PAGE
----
Vietnamese Chicken Pho Ga Recipe

A bowl of mamma’s chicken pho.

It’s frightening how quickly the weather can turn. Last week, it was so hot we initiated a mojito-of-the-day routine. This week, we’re putting on our boots and slushing through the rain.

And with that, we’ve officially embrace cooler weather, the umbrella and a free car wash. To celebrate the splash, we’re offering a bowl of my mom’s chicken pho. For me, nothing beats this on a cold and rainy day. Sometimes chicken, sometimes beef, but always brimming with the aroma of ginger, anise, clove and cinnamon.

A brief excerpt on chicken pho from Andrea’s Into the Vietnamese Kitchen:

While beef pho may be the version that most people know and like, chicken pho is also excellent. In recent years, there has been a renewed interest in “pho ga” within the Vietnamese American community, and a handful of restaurants are specializing in the delicate noodle soup. Some of them use free-range “ga chay” or “gia di bo” (literally, “jogging chicken” or “walking chicken”), yielding bowls full of meat that has a flavor and texture reminiscent of traditionally raised chickens in Vietnam. If you want to create great chicken pho yourself, take a cue from the pros and start with quality birds. – Into the Vietnamese Kitchen (2006), p. 206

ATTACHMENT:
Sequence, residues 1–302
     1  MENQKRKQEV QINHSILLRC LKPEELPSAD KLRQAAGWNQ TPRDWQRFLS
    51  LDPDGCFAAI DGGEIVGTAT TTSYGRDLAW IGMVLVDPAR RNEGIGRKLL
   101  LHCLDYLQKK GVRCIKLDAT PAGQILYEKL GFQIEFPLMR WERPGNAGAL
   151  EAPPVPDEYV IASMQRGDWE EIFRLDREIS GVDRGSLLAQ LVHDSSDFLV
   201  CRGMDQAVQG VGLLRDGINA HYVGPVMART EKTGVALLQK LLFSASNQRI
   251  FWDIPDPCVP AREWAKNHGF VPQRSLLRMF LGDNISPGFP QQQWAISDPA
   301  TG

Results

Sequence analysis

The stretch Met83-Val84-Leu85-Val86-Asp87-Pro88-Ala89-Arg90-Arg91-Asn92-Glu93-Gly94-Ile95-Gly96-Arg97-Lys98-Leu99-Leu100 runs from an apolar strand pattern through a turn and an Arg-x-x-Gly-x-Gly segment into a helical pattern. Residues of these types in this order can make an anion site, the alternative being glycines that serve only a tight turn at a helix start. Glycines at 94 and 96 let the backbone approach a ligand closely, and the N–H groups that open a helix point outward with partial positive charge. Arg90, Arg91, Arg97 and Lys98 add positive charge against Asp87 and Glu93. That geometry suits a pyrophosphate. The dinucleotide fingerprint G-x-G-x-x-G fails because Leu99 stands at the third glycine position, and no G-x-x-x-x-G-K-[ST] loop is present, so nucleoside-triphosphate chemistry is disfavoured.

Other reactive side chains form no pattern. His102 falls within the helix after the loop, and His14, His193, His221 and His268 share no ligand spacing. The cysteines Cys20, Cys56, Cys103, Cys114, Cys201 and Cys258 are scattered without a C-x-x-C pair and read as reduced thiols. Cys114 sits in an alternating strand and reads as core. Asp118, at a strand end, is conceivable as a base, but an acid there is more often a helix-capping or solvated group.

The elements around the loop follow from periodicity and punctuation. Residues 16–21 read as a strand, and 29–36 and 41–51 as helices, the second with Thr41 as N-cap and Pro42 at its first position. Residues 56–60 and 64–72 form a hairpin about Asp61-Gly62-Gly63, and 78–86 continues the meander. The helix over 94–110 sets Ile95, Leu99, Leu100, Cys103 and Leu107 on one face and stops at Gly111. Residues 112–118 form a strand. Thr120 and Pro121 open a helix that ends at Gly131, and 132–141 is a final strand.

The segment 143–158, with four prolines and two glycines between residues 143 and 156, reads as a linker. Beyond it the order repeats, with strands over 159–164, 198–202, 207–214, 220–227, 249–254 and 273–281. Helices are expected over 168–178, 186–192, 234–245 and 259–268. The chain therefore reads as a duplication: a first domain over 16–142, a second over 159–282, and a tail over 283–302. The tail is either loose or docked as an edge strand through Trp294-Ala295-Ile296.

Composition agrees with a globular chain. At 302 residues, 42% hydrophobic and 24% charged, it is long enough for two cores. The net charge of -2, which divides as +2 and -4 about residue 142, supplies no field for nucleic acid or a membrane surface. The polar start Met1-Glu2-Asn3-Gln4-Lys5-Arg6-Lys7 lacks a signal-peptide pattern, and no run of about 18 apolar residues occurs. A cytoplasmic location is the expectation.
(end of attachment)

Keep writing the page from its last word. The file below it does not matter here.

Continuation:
The only drawback to this soup is that about 20 minutes into the cooking time, you start to smell the ginger, and the anise… then the clove… and the cinnamon. Combined with the smell of chicken, it’s a little hard to resist sneaking into the kitchen for a snack. If I had to make a confession, it’d be that I only get 7 servings out of this pot, because the 8th is lost to multiple sneaks into the kitchen for “tasting” purposes.

[K]

What’s your rainy-day soup of choice?

An RGB rainy day staple.

RGB Notes:

  1. Where to find ingredients:
    1. 2-3 lb. chickens: If your go-to markets don’t carry small chickens (mine don’t), you can find them at Asian markets.
    2. Star anise: If your market has a Mexican foods section, you can usually find a packet of whole star anises in a bag for about $0.99. Note: You can also get cloves and cinnamon sticks in the same section… usually for a fraction of the price of spices sold in the standard baking aisle… in the same market.
    3. Fish sauce: Try an Asian market. Look for an orange bottle with flying fish on it. It’s the best.
    4. Rock sugar: Also at an Asian market. A whole box with a pound of sugar is usually in the $1.00-range.